8 Sep 2020

Officers wrong to punch man, IPCA says

2:30 pm on 8 September 2020

The Independent Police Conduct Authority has found an unnamed officer was wrong to punch a man during a roadside search and says the search of the victim should have been better-planned and reported.

Police generic

File photo. Photo: RNZ / Richard Tindiller

On the night of 30 November 2018, six officers in Waitematā saw the moderately intoxicated man arguing with security staff at a bar in Takapuna, Auckland.

He became abusive towards the officers and they wrestled with the man on the ground before taking him into custody. Two associates of the man were also taken into custody for obstructing police.

During the journey to the police station, officers realised they had not yet searched the men, so they pulled into a side street to do so.

It was alleged that during this search, the man was kneed, kicked and punched by a number of officers.

However, the authority cannot determine whether the man was kneed and kicked but found that he was punched.

The authority found the officers should have searched the men at the first available opportunity and the roadside search should have been better-planned and reported to the communications centre.

"I accept officers had reason to restrain Mr X physically while conducting the search. But Mr X was in handcuffs and he was held by two officers, so there was no reason to punch him," authority chair Judge Colin Doherty said.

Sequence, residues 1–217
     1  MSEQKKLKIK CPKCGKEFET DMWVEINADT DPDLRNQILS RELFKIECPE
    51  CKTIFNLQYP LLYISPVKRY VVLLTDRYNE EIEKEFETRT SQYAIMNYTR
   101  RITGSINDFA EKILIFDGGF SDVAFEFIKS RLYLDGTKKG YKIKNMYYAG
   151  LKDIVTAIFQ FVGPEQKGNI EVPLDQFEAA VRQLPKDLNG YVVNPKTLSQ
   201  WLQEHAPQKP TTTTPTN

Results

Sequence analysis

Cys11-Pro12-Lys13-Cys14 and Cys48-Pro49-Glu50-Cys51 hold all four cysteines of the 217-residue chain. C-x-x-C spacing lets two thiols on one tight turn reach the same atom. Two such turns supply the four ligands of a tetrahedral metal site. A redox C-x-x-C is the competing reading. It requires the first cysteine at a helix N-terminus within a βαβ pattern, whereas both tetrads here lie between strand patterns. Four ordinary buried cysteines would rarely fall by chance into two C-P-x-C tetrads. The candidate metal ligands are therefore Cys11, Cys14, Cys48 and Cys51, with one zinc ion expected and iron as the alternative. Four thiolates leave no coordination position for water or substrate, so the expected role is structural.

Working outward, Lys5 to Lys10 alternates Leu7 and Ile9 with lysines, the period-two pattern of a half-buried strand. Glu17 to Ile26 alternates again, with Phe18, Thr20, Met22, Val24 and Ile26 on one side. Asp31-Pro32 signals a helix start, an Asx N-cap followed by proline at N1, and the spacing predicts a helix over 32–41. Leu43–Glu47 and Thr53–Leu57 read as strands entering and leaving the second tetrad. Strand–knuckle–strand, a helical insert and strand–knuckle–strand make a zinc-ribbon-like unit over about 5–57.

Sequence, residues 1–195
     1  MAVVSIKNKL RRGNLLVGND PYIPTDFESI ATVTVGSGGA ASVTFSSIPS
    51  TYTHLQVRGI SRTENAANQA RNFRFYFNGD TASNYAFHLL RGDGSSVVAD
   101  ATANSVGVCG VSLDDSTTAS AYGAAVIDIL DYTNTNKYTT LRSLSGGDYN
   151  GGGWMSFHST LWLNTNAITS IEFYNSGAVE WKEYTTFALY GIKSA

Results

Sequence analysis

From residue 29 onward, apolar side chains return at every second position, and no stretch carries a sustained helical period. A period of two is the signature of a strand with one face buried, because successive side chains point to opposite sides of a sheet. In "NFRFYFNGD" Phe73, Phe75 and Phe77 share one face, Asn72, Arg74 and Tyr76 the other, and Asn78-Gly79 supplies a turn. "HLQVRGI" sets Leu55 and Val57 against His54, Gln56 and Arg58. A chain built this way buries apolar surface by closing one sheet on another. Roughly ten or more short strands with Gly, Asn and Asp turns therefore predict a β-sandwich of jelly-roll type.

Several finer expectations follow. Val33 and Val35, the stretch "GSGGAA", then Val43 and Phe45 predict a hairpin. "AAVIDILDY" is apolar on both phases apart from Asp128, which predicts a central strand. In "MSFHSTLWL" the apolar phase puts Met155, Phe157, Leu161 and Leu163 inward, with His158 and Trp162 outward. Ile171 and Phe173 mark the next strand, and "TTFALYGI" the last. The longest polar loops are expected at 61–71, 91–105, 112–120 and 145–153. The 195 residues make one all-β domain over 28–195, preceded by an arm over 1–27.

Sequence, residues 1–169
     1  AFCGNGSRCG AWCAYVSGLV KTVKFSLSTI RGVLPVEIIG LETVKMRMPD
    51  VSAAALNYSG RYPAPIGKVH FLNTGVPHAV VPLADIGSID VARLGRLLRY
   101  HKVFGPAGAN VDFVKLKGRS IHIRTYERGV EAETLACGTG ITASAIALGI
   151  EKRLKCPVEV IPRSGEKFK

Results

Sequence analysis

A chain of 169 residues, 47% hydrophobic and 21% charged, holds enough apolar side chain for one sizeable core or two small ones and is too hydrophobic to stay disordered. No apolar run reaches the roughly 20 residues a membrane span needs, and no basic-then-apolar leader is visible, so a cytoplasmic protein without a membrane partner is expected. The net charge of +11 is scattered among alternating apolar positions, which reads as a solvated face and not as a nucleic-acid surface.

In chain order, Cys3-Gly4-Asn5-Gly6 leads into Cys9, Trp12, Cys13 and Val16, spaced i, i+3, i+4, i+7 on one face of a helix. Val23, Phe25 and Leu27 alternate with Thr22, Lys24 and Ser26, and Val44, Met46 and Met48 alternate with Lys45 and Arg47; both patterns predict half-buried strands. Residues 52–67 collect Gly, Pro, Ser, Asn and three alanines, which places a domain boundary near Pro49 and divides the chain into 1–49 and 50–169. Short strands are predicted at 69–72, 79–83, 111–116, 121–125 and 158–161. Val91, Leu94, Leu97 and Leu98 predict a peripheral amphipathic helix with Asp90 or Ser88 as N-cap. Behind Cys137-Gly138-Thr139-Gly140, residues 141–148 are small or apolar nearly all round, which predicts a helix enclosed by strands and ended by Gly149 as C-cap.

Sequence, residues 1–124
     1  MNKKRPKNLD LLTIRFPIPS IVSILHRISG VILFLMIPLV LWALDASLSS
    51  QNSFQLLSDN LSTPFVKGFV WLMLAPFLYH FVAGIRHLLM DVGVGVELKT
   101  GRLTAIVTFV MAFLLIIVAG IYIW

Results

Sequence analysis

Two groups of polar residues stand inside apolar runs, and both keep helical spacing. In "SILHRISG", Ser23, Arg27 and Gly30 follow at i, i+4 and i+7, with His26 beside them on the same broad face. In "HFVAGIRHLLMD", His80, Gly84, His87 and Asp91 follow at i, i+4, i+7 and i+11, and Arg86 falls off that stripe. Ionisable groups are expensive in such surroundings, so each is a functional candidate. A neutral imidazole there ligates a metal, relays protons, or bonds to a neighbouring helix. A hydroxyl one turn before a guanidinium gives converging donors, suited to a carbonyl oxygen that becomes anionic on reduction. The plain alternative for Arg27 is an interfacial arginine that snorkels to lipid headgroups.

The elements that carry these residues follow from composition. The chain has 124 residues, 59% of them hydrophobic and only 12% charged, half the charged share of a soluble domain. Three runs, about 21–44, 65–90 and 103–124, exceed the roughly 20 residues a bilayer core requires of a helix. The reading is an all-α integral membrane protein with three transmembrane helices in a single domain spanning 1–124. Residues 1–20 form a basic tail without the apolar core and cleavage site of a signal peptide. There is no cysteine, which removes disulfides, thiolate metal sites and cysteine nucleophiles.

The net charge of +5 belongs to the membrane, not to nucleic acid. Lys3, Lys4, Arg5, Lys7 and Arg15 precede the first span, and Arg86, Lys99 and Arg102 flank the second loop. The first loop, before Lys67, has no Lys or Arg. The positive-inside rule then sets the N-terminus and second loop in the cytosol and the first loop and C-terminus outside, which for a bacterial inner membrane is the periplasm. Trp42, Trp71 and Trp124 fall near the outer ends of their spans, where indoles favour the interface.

It also found officers demonstrated poor practice and a failure in their duty of care by not checking the handcuffs when two of the men complained they had become too tight. It also said, once at the police station, the man should have been given an opportunity to make a formal complaint about the alleged use of force.

It said four of the officers also breached policy by failing to submit a report following their use of force during the initial arrest.

Police maintain there is no evidence to suggest the man was punched.

Waitematā District Commander Superintendent Naila Hassan said while there were some learnings to be taken away from the incident, such as ensuring searches were carried out at the earliest opportunity, officers acted to the best of their ability given the situation they faced.

"Police officers face situations every day where their safety is put at risk, and in this case they were subject to abuse and were dealing with an intoxicated, very aggressive person when they were just doing their jobs," she said.

Four of the six officers remain working in the police force and two have since left the organisation for unrelated reasons.

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